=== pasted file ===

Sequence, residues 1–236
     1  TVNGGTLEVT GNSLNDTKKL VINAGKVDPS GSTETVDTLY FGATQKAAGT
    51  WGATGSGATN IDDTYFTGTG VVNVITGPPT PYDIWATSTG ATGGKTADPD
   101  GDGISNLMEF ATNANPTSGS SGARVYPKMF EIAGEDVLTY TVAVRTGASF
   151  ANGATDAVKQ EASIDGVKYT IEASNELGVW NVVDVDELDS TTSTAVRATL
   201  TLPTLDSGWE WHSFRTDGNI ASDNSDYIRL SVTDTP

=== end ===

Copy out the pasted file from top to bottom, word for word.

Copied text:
Sequence, residues 1–236
     1  TVNGGTLEVT GNSLNDTKKL VINAGKVDPS GSTETVDTLY FGATQKAAGT
    51  WGATGSGATN IDDTYFTGTG VVNVITGPPT PYDIWATSTG ATGGKTADPD
   101  GDGISNLMEF ATNANPTSGS SGARVYPKMF EIAGEDVLTY TVAVRTGASF
   151  ANGATDAVKQ EASIDGVKYT IEASNELGVW NVVDVDELDS TTSTAVRATL
   201  TLPTLDSGWE WHSFRTDGNI ASDNSDYIRL SVTDTP